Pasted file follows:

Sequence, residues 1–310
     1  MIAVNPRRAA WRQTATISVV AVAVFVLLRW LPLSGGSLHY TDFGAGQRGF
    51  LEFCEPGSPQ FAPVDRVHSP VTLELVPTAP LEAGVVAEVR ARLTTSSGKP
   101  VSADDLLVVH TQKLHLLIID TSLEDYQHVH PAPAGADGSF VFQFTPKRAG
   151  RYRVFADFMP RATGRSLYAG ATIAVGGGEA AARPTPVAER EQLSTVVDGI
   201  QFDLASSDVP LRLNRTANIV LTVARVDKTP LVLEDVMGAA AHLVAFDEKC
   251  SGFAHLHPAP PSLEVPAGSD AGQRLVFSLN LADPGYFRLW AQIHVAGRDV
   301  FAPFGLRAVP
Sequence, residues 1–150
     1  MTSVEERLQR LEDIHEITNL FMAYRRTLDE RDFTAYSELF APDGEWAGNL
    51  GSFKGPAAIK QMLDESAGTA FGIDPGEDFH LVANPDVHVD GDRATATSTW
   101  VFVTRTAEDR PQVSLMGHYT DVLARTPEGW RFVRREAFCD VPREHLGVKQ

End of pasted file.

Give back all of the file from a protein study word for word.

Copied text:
Sequence, residues 1–310
     1  MIAVNPRRAA WRQTATISVV AVAVFVLLRW LPLSGGSLHY TDFGAGQRGF
    51  LEFCEPGSPQ FAPVDRVHSP VTLELVPTAP LEAGVVAEVR ARLTTSSGKP
   101  VSADDLLVVH TQKLHLLIID TSLEDYQHVH PAPAGADGSF VFQFTPKRAG
   151  RYRVFADFMP RATGRSLYAG ATIAVGGGEA AARPTPVAER EQLSTVVDGI
   201  QFDLASSDVP LRLNRTANIV LTVARVDKTP LVLEDVMGAA AHLVAFDEKC
   251  SGFAHLHPAP PSLEVPAGSD AGQRLVFSLN LADPGYFRLW AQIHVAGRDV
   301  FAPFGLRAVP
Sequence, residues 1–150
     1  MTSVEERLQR LEDIHEITNL FMAYRRTLDE RDFTAYSELF APDGEWAGNL
    51  GSFKGPAAIK QMLDESAGTA FGIDPGEDFH LVANPDVHVD GDRATATSTW
   101  VFVTRTAEDR PQVSLMGHYT DVLARTPEGW RFVRREAFCD VPREHLGVKQ